How Have You Been Affected by Maine’s Criminal Legal System?
Tell your story of how you have been affected by Maine’s criminal justice operations for the Freedom & Captivity Archive, housed online at the Maine Historical Society.
The Freedom & Captivity Archive is a story bank of how criminal justice operations in Maine have affected Mainers across generations, locations, backgrounds, and experiences. The archive is hosted in Maine Historical Society’s My Maine Stories website. It is open to anyone who has a story to tell about being affected by the criminal justice system, whether directly or through a family member or friend. You can submit your story as a written story, a video, an audio piece, or in photographs. Your story can be anonymous, and you can help someone else tell their story.
Some possible story prompts include:
- – Who are you? Tell us about yourself.
- – How did the system impact you?
- – How did it feel to be touched or impacted by the system?
- – How did it affect the people who love you?
- – What has happened to you since you were impacted?
- – What do you want people to know about your experience?
- – What does freedom mean to you?
To share your story, go to the Tell My Story page and fill in the form. For ‘Story Topic’ select ‘Freedom & Captivity’. This form will ask for your information, story title, and story summary. You can make your story anonymous by checking the ‘Make me anonymous’ box.
Questions? Write to email@example.com.
State of Maine Bill of Rights for Incarcerated Individuals
A living document from Maine Prisoner Advocacy Coalition
All incarcerated citizens and noncitizens have certain inalienable rights that shall not be denied or abridged on the basis of sex, gender identification, race, color, religion, national origin, physical and/or mental handicap, sexual orientation or as a punitive measure in the form of retaliation against the incarcerated individual or loved ones.
1. Whereas, humane conditions are an absolute expectation of a civilized society, individuals who are incarcerated have the right to:
– a safe and healthy environment that is free of physical, emotional, mental, verbal, and sexual abuse and harassment;
2. Whereas, government has a fundamental responsibility to protect those in jails and prisons, individuals who are incarcerated have the right to:
– timely, free health and dental care that includes, but is not limited to, substance use disorder treatment, trauma-informed mental health care reproductive health care and preventative care in all areas, including vaccinations and regular exercise;
– gender responsive health care, recognizing all gender identities; and accessible and responsive health care for individuals with disabilities;
3. Whereas, respect for human dignity extends to people in jails and prisons, individuals who are incarcerated have the right to:
– personal hygiene and menstrual items, at no cost; and
– gender parity in all areas including but not limited to access to visits, medical care, technology, education, and programming;
4. Whereas, the last vestiges of slave labor and similar practices must end, individuals who are incarcerated have the right to:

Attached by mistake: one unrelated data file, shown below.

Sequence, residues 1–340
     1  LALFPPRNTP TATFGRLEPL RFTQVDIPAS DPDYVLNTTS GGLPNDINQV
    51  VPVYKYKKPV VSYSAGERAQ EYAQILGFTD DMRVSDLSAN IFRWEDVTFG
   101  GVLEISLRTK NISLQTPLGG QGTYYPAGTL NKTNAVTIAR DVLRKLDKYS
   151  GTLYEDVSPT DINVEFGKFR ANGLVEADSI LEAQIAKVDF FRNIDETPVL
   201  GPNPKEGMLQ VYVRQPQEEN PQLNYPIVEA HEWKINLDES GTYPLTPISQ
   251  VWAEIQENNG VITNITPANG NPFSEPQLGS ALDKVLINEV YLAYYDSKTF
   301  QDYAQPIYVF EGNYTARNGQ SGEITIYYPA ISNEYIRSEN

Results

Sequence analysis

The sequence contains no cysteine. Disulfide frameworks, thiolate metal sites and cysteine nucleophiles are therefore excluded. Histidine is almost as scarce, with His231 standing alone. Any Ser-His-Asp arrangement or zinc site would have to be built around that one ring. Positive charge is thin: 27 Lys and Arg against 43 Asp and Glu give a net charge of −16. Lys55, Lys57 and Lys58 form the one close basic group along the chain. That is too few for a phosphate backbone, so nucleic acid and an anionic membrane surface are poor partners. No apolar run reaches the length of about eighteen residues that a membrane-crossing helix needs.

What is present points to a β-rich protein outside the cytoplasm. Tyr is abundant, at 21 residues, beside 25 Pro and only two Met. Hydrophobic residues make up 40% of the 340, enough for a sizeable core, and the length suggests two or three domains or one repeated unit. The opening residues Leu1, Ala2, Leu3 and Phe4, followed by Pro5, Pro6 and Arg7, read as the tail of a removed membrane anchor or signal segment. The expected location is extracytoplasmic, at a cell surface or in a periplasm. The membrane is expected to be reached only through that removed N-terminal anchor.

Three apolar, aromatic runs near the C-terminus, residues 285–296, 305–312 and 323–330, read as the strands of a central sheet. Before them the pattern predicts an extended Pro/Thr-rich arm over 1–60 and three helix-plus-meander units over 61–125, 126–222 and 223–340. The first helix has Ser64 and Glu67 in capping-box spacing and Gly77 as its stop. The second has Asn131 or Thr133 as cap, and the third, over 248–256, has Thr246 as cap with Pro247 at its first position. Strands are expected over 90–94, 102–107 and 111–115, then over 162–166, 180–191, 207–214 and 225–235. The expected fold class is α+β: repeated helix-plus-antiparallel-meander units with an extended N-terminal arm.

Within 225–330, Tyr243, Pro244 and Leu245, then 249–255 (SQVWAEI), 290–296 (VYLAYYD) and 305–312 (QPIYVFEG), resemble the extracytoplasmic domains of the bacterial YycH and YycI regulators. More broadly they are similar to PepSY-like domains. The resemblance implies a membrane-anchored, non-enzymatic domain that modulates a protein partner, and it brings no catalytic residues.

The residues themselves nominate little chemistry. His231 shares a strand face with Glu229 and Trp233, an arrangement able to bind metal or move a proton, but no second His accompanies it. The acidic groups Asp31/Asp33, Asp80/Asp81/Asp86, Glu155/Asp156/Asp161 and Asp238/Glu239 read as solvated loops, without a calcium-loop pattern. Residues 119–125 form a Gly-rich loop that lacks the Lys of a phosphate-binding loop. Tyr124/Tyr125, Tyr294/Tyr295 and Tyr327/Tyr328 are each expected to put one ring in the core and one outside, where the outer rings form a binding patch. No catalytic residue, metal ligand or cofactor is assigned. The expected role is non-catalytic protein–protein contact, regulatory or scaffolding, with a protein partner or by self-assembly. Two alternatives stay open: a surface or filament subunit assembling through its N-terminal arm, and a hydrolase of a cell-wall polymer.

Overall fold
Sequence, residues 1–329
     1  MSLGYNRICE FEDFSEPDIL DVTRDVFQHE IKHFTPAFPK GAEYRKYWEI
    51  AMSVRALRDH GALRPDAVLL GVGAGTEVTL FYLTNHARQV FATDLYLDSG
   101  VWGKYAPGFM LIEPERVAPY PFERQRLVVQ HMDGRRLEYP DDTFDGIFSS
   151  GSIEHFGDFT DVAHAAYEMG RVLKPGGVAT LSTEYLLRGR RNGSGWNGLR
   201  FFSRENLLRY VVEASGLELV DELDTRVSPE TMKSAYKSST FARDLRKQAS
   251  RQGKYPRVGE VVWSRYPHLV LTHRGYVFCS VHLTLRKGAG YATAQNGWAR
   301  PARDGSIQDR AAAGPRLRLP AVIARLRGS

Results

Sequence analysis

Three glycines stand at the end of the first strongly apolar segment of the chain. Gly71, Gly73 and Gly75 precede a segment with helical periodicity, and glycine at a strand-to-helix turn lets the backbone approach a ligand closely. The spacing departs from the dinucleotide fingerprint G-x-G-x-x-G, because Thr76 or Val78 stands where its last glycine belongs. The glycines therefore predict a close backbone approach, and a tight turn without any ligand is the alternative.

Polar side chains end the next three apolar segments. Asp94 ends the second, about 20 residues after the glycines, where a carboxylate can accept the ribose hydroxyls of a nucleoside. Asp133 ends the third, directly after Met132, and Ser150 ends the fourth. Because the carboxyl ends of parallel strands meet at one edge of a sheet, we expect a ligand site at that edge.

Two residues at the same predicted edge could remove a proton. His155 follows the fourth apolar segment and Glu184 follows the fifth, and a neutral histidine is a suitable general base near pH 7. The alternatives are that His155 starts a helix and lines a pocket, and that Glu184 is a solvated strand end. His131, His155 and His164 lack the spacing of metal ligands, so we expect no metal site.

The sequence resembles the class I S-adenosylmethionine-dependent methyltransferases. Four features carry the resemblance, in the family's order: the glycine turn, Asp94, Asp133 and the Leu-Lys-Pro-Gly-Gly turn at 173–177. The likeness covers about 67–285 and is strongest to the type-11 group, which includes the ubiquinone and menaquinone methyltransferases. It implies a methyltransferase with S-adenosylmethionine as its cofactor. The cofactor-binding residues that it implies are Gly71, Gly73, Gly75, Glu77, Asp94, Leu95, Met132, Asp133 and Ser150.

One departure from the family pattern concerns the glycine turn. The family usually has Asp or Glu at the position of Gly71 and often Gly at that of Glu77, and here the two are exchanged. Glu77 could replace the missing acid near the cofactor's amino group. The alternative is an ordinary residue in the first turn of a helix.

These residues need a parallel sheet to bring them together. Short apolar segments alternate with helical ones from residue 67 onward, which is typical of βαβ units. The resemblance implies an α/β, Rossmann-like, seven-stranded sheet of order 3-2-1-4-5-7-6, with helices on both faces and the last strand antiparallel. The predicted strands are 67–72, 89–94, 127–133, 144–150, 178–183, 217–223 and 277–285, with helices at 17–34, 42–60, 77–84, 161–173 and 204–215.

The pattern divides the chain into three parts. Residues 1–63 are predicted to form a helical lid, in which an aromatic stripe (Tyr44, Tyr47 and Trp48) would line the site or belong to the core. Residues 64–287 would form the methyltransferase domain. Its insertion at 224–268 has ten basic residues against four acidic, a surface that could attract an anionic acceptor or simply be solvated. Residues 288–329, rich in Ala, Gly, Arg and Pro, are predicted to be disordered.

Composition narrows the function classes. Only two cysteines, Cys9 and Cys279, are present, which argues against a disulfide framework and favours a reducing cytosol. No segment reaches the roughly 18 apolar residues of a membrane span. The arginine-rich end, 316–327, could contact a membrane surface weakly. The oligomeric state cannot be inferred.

– be considered employees of the state and subject to the minimum wage requirements afforded employees, as well as safe working conditions;
5. Whereas, constitutional rights do not end when people are convicted or held in pre-trial status, individuals who are incarcerated have the right to:
– full voting privileges as accorded by law, including the ability to register to vote and have contact with their elected representatives;
6. Whereas, food sustains life and has heightened importance to many people in jails and prisons, individuals who are incarcerated have the right to:
– a balanced diet that meets established requirements for nutrition and conforms to medical, religious and/or ethical needs;
7. Whereas, human contact is vital to personal well-being and family relations, individuals who are incarcerated have the right to:
– in-person visits with family members and other loved ones that include physical contact, support for and opportunities for continued parental involvement and reunification after successful completion of any required programming; and
– freedom from solitary confinement, which can have profound and permanent detrimental impacts on mental and physical health;
8. Whereas, ties with relatives and friends benefit people in jails and prisons, as well as their families and communities, individuals who are incarcerated have the right to:
– access to electronic communications to speak and interact with families and loved ones at east weekly;
9. Whereas, the safe and humane functioning of jails and prisons benefits from the ideas and insights of those being held, individuals who are incarcerated have the right to:
– provide input on issues related to the facility including lockdowns, education and recreation services, and staff conduct;
10. Whereas, concerns and problems raised by people in jails and prisons must be taken seriously and properly evaluated, individuals who are incarcerated have the right to:
– a simple, formal, credible and transparent grievance process that includes an independent prisoner advocate for all facilities free from DOC oversight;
– unimpeded access to every facility’s Board of Visitors, their contact information and input into the required reports.
11. Whereas, virtually everyone being held will be returning to our communities and is deserving of assistance to make the transitions successful, individuals who are incarcerated have the right to:
– meaningful reentry planning, regardless of classification, from day one of incarceration, backed by financial support from the DOC that ensures community support, housing, employment opportunities and healthcare access, and which allows for choices in programming and input from the resident.